1. This church goes through the same changes as churches 1 and 2, but it also adopts one of these three choices:
      1. It learns how to be evangelistic despite wearing the name “Church of Christ” and being exclusively a cappella. Now, by “evangelistic,” I mean they learn to convert the lost to Jesus, not Baptists to the Church of Christ view of baptism. And very few churches have made this transition effectively, although it has certainly happened.
      2. It gives up its denominational identity and becomes a non-denominational church. This is more common than i., in my experience.
      3. It becomes a local campus of a larger, multi-site church. This is a new option, but studies show it’s the one most likely to succeed.
    2. The key to each choice is for the membership to give up control and place the mission above all else. In fact, one advantage of merging with a multi-site church is that it forces the leadership and membership to surrender control — and the insistence on control is often the biggest barrier to the changes needed to become evangelistic.
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About Jay F Guin

My name is Jay Guin, and I’m a retired elder. I wrote The Holy Spirit and Revolutionary Grace about 18 years ago. I’ve spoken at the Pepperdine, Lipscomb, ACU, Harding, and Tulsa lectureships and at ElderLink. My wife’s name is Denise, and I have four sons, Chris, Jonathan, Tyler, and Philip. I have two grandchildren. And I practice law.
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One Response to 18 Church Trends (and More!): Trends 7 & 8

  1. Gary says:

    Having spent a quarter century as a congregational leader in Churches of Christ I no longer believe that American Churches of Christ as a whole will ever grow numerically again. It just doesn’t seem to be in the cards. Even somewhat progressive Churches of Christ continue to lose members over issues involving change. Children who grow up in progressive Churches of Christ seem to migrate to other denominations as young adults. Conservative Churches of Christ increasingly become religious anachronisms in the 21st century that would only gain new members from the occasional person who marries into a conservative CoC family.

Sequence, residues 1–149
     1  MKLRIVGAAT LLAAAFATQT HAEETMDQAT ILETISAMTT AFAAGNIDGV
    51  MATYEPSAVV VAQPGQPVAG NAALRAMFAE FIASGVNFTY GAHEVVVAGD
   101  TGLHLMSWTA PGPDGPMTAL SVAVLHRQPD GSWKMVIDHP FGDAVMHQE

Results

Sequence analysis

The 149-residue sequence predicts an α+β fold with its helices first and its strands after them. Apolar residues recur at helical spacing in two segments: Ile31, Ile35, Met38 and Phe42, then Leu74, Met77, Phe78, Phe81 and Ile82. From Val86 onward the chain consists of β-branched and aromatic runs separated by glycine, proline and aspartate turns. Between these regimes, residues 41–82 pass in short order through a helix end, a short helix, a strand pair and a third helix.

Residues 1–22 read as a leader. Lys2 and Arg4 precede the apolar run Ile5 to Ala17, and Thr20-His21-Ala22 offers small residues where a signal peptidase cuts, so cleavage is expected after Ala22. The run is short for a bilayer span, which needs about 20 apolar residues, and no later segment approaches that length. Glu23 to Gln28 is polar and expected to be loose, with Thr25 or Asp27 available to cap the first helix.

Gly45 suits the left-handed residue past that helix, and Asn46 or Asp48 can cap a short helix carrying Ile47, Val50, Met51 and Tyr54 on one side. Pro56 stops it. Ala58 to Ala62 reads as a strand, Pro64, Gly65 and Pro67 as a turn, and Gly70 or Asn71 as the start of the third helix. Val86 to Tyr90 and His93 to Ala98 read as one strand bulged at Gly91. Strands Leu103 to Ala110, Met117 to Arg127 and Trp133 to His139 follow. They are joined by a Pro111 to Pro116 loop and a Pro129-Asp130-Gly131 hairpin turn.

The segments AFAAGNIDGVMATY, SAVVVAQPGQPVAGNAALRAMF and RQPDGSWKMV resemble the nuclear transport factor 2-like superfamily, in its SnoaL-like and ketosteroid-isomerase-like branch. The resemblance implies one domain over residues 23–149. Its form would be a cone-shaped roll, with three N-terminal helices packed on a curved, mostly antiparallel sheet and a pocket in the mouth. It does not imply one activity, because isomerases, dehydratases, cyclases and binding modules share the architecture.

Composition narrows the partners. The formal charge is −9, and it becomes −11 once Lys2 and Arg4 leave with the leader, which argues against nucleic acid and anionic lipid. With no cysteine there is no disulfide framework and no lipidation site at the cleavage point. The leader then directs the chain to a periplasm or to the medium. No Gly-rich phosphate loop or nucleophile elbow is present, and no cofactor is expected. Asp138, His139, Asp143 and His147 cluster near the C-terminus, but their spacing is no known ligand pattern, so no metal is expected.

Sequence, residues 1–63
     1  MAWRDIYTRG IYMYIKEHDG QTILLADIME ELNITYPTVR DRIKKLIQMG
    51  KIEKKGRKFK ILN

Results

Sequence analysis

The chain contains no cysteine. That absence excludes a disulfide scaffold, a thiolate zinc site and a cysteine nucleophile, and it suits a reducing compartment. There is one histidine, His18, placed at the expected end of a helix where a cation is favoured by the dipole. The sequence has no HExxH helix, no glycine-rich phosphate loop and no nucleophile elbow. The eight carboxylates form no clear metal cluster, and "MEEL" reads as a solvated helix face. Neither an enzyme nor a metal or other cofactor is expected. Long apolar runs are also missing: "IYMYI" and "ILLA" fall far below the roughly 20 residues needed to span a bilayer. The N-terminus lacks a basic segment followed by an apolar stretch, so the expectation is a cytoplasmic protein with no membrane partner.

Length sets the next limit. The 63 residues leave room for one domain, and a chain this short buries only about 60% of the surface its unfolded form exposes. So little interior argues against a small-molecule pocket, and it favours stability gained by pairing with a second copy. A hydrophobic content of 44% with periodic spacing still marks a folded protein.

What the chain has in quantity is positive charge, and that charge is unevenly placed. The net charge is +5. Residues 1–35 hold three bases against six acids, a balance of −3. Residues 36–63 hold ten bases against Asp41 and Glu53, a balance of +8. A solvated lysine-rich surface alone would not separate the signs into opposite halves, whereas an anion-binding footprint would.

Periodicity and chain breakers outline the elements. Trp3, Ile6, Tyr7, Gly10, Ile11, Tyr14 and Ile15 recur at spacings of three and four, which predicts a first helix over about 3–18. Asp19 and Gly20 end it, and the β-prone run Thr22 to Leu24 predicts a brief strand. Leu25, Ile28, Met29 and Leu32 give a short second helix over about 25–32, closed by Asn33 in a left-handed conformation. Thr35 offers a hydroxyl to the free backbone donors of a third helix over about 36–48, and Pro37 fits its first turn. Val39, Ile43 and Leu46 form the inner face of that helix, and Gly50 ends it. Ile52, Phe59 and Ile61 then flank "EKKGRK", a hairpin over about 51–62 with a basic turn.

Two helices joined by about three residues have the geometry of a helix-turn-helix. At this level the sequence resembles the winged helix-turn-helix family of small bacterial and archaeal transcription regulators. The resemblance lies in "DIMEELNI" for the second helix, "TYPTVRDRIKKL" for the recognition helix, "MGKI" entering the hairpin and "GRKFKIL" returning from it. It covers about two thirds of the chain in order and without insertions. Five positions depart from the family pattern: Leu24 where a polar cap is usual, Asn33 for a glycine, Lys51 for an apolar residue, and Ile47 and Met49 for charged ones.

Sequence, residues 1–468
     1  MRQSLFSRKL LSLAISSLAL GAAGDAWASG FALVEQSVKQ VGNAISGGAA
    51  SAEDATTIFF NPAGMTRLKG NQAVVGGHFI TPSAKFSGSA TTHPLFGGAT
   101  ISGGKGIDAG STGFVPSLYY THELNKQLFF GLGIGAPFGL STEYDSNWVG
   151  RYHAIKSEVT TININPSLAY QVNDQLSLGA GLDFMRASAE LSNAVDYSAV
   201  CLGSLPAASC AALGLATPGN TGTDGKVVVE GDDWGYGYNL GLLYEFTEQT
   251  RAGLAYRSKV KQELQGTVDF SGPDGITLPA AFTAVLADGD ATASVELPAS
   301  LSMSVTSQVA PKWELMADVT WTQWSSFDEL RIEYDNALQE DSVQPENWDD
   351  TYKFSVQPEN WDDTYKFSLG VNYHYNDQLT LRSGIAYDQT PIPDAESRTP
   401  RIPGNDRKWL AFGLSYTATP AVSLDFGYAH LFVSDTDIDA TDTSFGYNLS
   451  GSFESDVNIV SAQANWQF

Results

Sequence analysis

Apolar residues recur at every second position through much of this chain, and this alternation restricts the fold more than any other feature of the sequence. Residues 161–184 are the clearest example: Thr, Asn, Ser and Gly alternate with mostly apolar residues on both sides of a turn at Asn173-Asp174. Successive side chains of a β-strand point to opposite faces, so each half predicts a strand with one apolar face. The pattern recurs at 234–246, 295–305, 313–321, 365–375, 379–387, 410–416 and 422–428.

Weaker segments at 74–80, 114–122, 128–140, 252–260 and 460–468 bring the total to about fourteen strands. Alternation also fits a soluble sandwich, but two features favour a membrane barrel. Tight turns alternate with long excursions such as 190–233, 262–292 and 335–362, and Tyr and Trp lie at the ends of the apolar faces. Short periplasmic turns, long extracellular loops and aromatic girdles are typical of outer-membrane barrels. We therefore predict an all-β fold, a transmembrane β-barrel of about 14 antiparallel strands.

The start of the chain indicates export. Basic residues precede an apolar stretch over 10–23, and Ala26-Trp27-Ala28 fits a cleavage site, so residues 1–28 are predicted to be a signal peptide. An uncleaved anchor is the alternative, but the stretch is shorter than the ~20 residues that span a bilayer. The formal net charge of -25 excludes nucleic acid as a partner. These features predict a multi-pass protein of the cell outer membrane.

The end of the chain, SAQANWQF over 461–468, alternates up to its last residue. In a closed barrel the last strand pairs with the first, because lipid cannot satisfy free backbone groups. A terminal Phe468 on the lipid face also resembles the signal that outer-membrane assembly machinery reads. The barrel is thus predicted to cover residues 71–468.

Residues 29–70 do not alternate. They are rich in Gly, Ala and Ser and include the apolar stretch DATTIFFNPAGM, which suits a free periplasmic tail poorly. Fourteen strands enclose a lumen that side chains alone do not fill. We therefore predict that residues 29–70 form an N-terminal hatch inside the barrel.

But even the relatively few Churches of Christ which successfully negotiate change and draw new members from the community seem to be transforming into generic (White) Evangelicalism. To be successful they almost cease having any significant continuity with the Stone-Campbell tradition. That’s not the end of the world but these Churches of Christ may be joining Evangelicalism just as Evangelicalism is peaking. American Evangelicalism has, in my opinion, sold its soul for a mess of pottage of secular power and influence. The result is likely to be a long decline into irrelevance.

    Perhaps Churches of Christ or Evangelicals in other countries will take up the torch and thrive. But I would be amazed to see either thrive or grow in this country as this century progresses. Churches of Christ especially are likely to go the way of the old Christian Connection of the early 19th century and slowly fade away as an identifiable denomination or movement. What will be left are the Church of Christ universities.